Michael J. Bassett might be the new Paul W.S. Anderson when it comes to translating videogaming absurdity into cinematic silliness. So if you’re willing to sit through a Resident Evil movie, there’s no reason not to sit through the latest Silent Hill movie. Bassett is an ideal man for the job, considering his Solomon Kane is another one of the best worst things you can see all week. Say what you will about the guy’s movies, but he’s got style and he knows how to gather watchable actors. This Silent Hill features Carrie-Anne Moss as Edgar Winters, Malcolm McDowell as a really lame boss fight, Sean Bean sitting out most of the action, Martin Donovan as a detective you’ll forget was in the movie before it’s over, and Michelle Williams look-a-like Adelaide Clemens showing the sort of commitment that will serve her better in her small role in The Great Gatsby and in her kick-ass turn in Versus director Ryuhei Kitamura’s surprisingly good No One Lives.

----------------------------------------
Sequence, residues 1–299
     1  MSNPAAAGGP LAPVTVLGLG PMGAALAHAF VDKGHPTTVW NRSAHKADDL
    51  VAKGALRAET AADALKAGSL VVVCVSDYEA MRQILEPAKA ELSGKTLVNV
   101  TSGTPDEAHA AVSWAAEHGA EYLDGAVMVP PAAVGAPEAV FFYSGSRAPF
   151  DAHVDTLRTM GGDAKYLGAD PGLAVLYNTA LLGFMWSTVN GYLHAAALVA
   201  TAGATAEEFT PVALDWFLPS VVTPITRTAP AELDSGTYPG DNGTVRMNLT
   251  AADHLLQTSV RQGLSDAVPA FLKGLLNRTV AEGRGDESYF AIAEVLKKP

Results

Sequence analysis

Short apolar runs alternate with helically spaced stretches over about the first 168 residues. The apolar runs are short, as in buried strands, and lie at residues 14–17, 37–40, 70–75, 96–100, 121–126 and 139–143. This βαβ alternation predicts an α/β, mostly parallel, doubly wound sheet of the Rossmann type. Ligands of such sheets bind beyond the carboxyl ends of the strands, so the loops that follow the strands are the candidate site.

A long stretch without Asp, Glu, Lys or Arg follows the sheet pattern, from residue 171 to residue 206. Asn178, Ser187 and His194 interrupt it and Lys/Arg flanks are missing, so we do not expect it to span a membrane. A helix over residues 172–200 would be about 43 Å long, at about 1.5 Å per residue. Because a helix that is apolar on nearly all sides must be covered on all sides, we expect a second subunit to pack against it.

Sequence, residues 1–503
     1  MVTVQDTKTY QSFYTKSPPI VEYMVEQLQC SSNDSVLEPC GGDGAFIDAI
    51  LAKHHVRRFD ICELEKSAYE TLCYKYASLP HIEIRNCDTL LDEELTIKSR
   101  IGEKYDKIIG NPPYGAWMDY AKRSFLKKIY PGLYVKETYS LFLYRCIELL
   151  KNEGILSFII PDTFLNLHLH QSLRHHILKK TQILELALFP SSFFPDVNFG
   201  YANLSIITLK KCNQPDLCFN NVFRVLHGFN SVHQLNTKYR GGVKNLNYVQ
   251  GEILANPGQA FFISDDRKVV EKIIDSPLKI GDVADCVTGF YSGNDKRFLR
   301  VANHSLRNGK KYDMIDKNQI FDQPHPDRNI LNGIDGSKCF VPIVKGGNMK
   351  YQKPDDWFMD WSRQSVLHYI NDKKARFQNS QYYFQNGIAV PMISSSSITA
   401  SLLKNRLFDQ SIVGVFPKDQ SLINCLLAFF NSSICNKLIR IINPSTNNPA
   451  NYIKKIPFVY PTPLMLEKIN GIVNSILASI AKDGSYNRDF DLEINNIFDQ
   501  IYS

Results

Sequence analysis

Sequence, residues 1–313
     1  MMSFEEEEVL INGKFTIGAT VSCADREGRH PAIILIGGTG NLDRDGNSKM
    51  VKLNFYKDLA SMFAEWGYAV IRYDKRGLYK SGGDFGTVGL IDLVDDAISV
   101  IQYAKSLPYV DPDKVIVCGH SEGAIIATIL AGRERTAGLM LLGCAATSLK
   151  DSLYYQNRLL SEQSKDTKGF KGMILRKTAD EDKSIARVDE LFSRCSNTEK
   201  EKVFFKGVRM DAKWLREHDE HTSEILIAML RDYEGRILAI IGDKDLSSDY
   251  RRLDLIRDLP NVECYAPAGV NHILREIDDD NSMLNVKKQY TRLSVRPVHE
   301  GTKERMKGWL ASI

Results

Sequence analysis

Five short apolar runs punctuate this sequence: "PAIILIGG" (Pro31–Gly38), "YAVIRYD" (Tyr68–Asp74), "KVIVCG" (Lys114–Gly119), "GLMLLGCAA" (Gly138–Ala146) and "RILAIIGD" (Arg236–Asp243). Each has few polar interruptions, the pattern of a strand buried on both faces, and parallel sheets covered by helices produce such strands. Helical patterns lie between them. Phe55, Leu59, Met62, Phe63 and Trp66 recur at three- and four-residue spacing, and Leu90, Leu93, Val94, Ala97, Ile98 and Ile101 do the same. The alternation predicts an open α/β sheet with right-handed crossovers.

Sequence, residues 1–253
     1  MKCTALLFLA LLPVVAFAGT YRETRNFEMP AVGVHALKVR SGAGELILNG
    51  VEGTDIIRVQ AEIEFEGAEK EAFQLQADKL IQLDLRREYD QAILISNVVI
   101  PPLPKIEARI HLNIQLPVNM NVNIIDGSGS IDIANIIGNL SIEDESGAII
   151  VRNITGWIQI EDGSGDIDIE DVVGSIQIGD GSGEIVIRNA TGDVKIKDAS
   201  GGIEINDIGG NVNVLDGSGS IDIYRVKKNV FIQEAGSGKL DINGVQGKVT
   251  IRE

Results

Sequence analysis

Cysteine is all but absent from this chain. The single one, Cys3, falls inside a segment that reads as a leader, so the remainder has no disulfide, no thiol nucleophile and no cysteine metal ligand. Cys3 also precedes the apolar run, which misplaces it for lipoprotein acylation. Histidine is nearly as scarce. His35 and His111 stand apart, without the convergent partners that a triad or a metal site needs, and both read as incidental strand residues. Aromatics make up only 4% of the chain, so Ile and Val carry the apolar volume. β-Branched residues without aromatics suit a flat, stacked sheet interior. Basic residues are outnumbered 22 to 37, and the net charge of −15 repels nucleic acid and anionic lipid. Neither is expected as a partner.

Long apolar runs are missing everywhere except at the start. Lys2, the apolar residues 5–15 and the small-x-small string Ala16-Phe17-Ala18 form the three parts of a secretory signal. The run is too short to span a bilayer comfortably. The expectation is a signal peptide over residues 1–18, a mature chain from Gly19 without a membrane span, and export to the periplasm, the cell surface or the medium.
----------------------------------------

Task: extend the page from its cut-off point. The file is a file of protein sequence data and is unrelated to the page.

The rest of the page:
Of course, you don’t come to Silent Hill for the human players. Revelation does an admirable job collecting a bunch of cool sets and weird creatures, all loosely connected by what might be a story. Pyramid Head moonlights variously as a carny, a prison warden with an effective solution for grabby inmates, and even a Big Daddy. The nurses are disturbingly erotic in a way that I’m not sure I noticed playing the videogames. And the movie’s counterpart to Silent Hill 2’s disturbing mannequin rape is a wonderfully creepy introduction to a new creature as memorable as anything from the games. What sense does it make? What story does it tell? What do we find out about the town itself? What motivates the characters? Forget it, Tom. It’s Silent Hill.
Silent Hill: Revelation is on VOD, Blu-Ray, DVD, and Netflix.